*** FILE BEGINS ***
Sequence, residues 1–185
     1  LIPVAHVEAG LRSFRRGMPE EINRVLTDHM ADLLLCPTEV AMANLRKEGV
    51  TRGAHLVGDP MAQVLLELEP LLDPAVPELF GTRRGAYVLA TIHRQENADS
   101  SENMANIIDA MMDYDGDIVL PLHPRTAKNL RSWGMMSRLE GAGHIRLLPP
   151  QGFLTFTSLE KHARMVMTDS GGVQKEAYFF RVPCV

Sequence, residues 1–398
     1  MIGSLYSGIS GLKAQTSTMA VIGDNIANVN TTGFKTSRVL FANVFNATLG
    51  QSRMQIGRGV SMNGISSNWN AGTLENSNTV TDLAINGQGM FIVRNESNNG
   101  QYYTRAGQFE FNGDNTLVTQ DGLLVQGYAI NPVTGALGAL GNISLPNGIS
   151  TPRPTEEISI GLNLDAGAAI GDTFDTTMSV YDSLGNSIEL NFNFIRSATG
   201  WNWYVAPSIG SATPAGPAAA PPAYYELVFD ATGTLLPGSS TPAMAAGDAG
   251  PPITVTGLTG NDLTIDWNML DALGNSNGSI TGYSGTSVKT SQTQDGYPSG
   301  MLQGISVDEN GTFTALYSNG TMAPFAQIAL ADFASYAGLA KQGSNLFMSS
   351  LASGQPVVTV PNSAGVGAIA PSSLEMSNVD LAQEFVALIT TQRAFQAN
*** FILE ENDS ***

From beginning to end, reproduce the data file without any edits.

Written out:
Sequence, residues 1–185
     1  LIPVAHVEAG LRSFRRGMPE EINRVLTDHM ADLLLCPTEV AMANLRKEGV
    51  TRGAHLVGDP MAQVLLELEP LLDPAVPELF GTRRGAYVLA TIHRQENADS
   101  SENMANIIDA MMDYDGDIVL PLHPRTAKNL RSWGMMSRLE GAGHIRLLPP
   151  QGFLTFTSLE KHARMVMTDS GGVQKEAYFF RVPCV

Sequence, residues 1–398
     1  MIGSLYSGIS GLKAQTSTMA VIGDNIANVN TTGFKTSRVL FANVFNATLG
    51  QSRMQIGRGV SMNGISSNWN AGTLENSNTV TDLAINGQGM FIVRNESNNG
   101  QYYTRAGQFE FNGDNTLVTQ DGLLVQGYAI NPVTGALGAL GNISLPNGIS
   151  TPRPTEEISI GLNLDAGAAI GDTFDTTMSV YDSLGNSIEL NFNFIRSATG
   201  WNWYVAPSIG SATPAGPAAA PPAYYELVFD ATGTLLPGSS TPAMAAGDAG
   251  PPITVTGLTG NDLTIDWNML DALGNSNGSI TGYSGTSVKT SQTQDGYPSG
   301  MLQGISVDEN GTFTALYSNG TMAPFAQIAL ADFASYAGLA KQGSNLFMSS
   351  LASGQPVVTV PNSAGVGAIA PSSLEMSNVD LAQEFVALIT TQRAFQAN